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Highest court to hand down Zuma judgement


THE Constitutional Court, South Africa’s highest court, has announced that it is ready to hand down judgement in a matter in which it has been asked to find former President Jacob Zuma guilty of contempt of court.

The court has announced that judgement will be handed down on Tuesday at 10am.

Deputy Judge President of SA, Raymond Zondo, in his capacity as chair of the judicial  commission into state capture, has asked the Constitutional Court to find Zuma guilty of contempt and send him to jail.

The commission made the application after Zuma failed to comply with orders from the commission and defied an order of the Constitutional Cour itself. 

During a hearing in March to hear arguments for the application, the commission, through its representative, Advocate Themba Ngcukaitobi, catalogued Zuma’s failure to comply with the orders from the commission.

Ngcukaitobi said not only has Zuma failed to comply with the Constitutional Court order but he has also not attended the commission and failed to submit, as required, affidavits to answer to allegations against him. In his failure to comply, he has also adopted a belligerent and defiant tone,” he submitted.

Ngcukaitobi submitted that Deputy Judge President Zondo and the Constitutional Court became targets of Zuma’s “angry, threatening and quite frankly, provocative tirades’ ‘ after they ruled against him in separate matters. Zondo ruled against an application for his recusal and the Constitutional Court ordered Zuma to appear and testify before the Zondo Commission.

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He argued that there were strong reasons why Zuma should be imprisoned and not fined. Zuma, Ngcukaitobi submitted, had committed multiple acts of contempt against the commission. He described Zuma’s acts as a cynical manoeuvre to avoid  accountability.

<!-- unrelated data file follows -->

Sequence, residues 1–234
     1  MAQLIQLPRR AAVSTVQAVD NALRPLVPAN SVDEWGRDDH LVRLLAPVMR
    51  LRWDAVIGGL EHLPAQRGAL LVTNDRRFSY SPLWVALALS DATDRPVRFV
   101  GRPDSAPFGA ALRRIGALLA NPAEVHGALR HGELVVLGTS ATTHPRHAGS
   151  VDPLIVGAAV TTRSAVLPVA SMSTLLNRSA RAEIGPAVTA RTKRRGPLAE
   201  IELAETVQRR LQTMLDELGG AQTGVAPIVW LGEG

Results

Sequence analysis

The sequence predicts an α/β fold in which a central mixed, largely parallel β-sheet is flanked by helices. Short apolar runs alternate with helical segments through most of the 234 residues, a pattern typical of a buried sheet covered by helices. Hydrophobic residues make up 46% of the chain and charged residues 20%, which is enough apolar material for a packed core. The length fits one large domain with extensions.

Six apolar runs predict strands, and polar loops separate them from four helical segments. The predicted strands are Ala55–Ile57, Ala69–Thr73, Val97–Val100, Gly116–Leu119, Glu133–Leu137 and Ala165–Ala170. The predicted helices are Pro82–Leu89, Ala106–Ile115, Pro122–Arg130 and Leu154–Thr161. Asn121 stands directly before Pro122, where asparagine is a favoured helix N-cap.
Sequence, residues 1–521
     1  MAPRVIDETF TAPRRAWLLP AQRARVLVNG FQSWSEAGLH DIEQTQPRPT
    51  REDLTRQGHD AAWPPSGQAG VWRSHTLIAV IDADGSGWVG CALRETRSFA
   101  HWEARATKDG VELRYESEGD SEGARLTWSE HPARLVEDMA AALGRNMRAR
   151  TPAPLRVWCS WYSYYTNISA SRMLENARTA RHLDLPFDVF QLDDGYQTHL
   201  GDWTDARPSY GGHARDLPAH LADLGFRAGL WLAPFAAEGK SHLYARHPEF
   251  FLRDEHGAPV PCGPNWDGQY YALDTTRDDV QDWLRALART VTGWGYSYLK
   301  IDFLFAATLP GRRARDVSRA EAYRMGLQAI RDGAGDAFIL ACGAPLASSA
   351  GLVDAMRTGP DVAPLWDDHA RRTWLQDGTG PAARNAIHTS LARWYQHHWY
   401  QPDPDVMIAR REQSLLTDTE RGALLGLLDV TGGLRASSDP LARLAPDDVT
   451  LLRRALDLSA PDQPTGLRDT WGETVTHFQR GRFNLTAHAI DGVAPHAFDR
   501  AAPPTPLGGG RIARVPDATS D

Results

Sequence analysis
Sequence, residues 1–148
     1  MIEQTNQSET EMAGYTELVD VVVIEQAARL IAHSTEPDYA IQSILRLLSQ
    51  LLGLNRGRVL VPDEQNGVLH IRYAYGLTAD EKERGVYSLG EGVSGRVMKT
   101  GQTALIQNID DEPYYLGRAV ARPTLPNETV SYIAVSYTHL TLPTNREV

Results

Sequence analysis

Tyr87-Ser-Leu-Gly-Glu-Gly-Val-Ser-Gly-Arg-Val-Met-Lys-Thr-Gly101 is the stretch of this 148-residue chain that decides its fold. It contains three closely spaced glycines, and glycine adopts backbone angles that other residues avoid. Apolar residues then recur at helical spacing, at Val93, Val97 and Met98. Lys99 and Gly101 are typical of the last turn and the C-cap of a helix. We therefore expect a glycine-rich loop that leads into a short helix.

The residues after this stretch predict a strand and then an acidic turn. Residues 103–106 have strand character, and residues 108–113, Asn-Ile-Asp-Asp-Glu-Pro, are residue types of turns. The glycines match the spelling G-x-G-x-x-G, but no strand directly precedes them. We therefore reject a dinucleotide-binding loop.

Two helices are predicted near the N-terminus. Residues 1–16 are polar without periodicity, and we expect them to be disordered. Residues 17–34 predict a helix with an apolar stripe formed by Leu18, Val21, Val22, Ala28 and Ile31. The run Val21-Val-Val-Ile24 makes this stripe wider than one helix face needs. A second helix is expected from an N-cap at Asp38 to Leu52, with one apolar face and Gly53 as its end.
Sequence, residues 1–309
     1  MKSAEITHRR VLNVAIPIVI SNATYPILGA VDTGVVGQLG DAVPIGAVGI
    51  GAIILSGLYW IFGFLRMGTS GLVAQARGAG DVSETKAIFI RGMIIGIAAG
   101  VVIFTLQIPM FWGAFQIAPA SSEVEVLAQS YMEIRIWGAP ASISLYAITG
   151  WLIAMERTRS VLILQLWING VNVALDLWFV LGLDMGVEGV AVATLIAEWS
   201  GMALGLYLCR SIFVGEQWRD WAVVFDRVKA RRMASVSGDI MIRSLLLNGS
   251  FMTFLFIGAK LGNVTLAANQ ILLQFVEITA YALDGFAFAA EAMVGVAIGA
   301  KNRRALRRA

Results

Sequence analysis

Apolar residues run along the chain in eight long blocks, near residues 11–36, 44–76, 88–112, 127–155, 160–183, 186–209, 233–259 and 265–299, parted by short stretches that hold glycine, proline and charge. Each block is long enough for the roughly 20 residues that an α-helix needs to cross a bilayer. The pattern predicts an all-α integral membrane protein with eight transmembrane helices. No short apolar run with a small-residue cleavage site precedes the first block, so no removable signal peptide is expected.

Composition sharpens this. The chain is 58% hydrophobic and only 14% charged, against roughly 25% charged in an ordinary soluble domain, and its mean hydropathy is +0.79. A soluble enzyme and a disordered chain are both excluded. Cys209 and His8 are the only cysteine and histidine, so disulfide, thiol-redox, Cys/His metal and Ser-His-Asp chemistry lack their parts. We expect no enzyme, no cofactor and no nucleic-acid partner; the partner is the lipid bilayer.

In response to a question by Justice Tshiqi, Ngcukaitobi said there was no alternative to the custodial sentence sought by the commission. 

He also argued that the court had to take into account a pattern reflected in Zuma’s tactics. 

Justice Leana Theron asked Ngcukaitobi whether Zuma was not entitled to criticize the Constitutional Court. In his response, Ngcukaitobi said Zuma was entitled to his freedom of speech but not to launch false and malevolently motivated attacks against the court and members of the judiciary.

“There is no one who is entitled to insult, falsely and untruthfully, the Constitutional Court. Everyone is entitled to say the judgments do not follow the law. But there is no one who is entitled to say that the judges have abandoned their green robes. No one is entitled to say that some judges have received money from Mr Ramaphosa . No one is entitled to say that the Constitutional Court has become a threat to democracy. No one is entitled to say that the judgement of the Constitutional Court mimics the posture that has been adopted by the commission, which is designed to make unfair judgments against Mr Zuma,” Ngcukaitobi said.

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Zuma was not represented at the hearing. 

By The African Mirror